OUTWORDS Books in
Milwaukee, Wisconsin, has consistently been a
trailblazer in the way they’ve dealt with lesbian
fiction. Store shelves have always carried books from
the older, established presses such as New Victoria,
Firebrand, Cleis, Alice Street, Naiad (now Bella),
Alyson, and Seal Press, but they are also usually the
first to pick up and carry books from "upstart" presses
– newer publishing houses like Regal Crest, Bywater
Books, Cavalier Press, Bold Strokes,
Intaglio, and others.
OUTWORDS is an all-purpose LGBT store,
which caters to a diverse population of readers, writers, and
shoppers. With a fully stocked coffee bar and a store
cram-packed with books and goodies, lesbians find the store to
be a comfortable safe haven. In large part, OUTWORDS’
responsiveness to lesbian customers is attributed to the
owner, Carl Szatmary, who spends the majority of his life at
the store greeting customers, finding out what women want to
read, and then directing them to books they’ll appreciate and
love. If a book is in print, Carl will track it down for his
customers, and he runs a brisk online ordering business
Carl took a little time out from
communing with books to speak to JAW's Associate Editor Lori L. Lake
about books, authors, and the future of indie stores.
JAW: Welcome, Carl, and thank you for
taking the time to chat with me.
Carl Szatmary: My pleasure, Lori.
JAW: Tell me a little bit about your
experience. How long have you been in the bookselling
business, and what are the things you like best about
I’ve been in the business of selling
books for nearly 20 years – man and boy. I’ve always been an
enthusiastic reader and love to discuss (not to mention sell)
books with my customers – many of whom have been regular
regulars since we opened our doors back in 1993.
JAW: In all the time you have been
running the store in Milwaukee, what have you seen as the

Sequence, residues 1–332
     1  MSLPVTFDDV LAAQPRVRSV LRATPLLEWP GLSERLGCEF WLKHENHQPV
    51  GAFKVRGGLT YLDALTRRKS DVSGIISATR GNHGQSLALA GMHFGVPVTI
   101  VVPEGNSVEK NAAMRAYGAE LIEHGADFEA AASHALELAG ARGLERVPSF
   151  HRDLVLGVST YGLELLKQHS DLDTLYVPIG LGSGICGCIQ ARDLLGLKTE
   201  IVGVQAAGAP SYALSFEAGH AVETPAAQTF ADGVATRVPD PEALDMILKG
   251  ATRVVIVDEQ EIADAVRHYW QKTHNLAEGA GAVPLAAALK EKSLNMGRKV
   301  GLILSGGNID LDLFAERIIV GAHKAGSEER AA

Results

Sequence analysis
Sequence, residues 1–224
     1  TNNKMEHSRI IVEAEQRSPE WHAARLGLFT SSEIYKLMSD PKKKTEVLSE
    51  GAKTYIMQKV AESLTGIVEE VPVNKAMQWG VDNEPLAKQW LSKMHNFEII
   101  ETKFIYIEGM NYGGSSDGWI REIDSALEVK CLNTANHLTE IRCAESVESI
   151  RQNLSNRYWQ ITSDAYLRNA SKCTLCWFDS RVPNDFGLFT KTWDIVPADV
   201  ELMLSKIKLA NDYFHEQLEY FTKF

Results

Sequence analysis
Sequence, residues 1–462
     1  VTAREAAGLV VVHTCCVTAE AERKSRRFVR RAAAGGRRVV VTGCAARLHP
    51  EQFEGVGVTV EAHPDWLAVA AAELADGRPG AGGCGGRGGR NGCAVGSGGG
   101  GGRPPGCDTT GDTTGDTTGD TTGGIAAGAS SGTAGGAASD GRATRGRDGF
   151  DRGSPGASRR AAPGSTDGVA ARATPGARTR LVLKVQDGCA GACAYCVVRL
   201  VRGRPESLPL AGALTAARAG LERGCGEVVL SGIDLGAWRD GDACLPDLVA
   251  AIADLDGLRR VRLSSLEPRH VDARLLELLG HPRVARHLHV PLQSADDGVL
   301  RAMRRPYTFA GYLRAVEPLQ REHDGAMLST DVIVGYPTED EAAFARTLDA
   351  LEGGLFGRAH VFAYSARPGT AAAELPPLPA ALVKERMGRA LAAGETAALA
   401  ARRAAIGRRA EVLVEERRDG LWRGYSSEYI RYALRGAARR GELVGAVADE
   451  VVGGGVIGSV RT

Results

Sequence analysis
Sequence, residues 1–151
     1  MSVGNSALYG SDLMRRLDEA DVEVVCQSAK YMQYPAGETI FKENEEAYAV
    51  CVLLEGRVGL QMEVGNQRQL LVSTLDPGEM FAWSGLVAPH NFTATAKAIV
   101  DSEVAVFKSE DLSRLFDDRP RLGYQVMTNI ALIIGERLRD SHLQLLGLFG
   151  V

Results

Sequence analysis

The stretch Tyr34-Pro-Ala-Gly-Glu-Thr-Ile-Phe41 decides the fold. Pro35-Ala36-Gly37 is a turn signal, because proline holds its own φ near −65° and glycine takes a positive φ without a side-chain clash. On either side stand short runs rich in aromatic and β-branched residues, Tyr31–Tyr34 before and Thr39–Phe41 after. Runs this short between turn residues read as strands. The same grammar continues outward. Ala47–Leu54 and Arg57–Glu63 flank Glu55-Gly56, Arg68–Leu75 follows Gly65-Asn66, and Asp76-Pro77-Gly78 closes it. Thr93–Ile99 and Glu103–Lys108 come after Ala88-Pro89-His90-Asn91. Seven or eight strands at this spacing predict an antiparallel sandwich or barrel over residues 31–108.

biggest changes in your customers, in their needs, and in what
you are selling?
When we opened back in 1993, our
inventory was tiny, really. Lots of books, some magazines and
a few cards. Over the next several years, our customers wanted
more than just books – rainbow pride items, music and movies.
Our product array expanded tremendously – the emphasis changes
all the time and the challenge is to try to keep up with our
customers’ wants and wishes.
JAW: What have you found is the best
way to advertise your store? Word of mouth, TV or radio,
print, or maybe sponsoring local events? What do you think
gets word out about Outwords Books?
Promoting Outwords Books
effectively and inexpensively is probably one of my biggest
challenges. Positive word of mouth cannot be overemphasized.
Due to the cost of TV and radio advertising, I have not been
inclined to experiment. We rely on our local LGBT
publications, like Queer Life, OutBound,
and Quest plus our email and GayCard
JAW: You have the reputation of being
very knowledgeable about both gay and lesbian literature. I've
seen the nice array of lesbian books you keep on your shelves.
How do you keep up with it all?
Since I do all of the ordering for
Outwords, I found that I must be enterprising. I make sure
that I keep up with new titles by reading publications such as
Book Report, Books to Watch Out For, and The Gay &
Lesbian Review. I regularly check the websites for
other LGBT bookstores. Strangely enough, one of my
most effective tools is talking to my customers. Often my
customers will have heard about a new book or author. Since it
really isn’t possible for me to read everything I sell, I find
that I need to ask my customers for feedback, to find out if
they liked or disliked books – particularly new fiction and
authors. If people ask me what I think of a book, I’ll tell
them – honestly. If I think a book is not very good, that’s
what I’ll tell them – we all have different tastes. But don’t
worry, I’ll always have another title or two at the ready to
JAW: When you
order from distributors to fill your shelves, what goes into
deciding what to stock? Personal taste? Word of mouth?
Customer requests? And how long do you give a book a chance to
sell before you must, reluctantly, return it?
Back when we opened, deciding which
books to order was simple – all of them! (laughs) Naiad was
the last word in Lesbian Fiction, and really, there was just a
very limited number of titles released each month of interest
to Gay men. We found there to be very little to return –
except for hardcover books when the title was going to be
released in paperback. One curious situation I find of late is
that we’ll order books from small, new lesbian publishers and
they are already out of business before one can even think of
returning books that haven't sold.
Now Outwords is much more than a
bookstore – we carry cards and magazines and movies and music
and t-shirts and candles and much, much more! Now we must be